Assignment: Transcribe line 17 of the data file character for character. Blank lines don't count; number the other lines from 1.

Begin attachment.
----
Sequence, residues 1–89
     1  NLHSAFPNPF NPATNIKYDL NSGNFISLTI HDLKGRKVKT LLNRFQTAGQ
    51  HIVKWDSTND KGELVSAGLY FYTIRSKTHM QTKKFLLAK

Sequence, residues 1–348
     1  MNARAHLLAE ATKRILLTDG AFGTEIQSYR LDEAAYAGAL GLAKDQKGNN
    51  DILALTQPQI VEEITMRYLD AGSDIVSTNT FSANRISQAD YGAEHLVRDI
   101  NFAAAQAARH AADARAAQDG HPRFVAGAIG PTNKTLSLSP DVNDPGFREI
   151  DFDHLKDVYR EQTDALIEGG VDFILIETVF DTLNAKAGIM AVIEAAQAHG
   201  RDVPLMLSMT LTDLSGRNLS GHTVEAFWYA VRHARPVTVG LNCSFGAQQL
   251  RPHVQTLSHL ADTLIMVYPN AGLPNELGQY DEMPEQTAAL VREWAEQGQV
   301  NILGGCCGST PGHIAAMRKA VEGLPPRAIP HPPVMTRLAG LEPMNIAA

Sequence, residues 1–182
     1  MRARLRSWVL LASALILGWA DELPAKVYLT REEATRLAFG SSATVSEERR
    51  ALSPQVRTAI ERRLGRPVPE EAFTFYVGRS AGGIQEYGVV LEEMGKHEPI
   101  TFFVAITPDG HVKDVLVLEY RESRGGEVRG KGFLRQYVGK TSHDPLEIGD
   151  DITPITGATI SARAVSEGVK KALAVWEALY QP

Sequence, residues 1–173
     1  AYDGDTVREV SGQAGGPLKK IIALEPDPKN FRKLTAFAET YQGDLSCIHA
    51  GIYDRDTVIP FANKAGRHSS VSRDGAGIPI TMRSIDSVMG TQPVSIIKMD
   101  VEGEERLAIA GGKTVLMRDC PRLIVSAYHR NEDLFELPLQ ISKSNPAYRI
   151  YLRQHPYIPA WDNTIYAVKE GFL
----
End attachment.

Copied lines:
Sequence, residues 1–173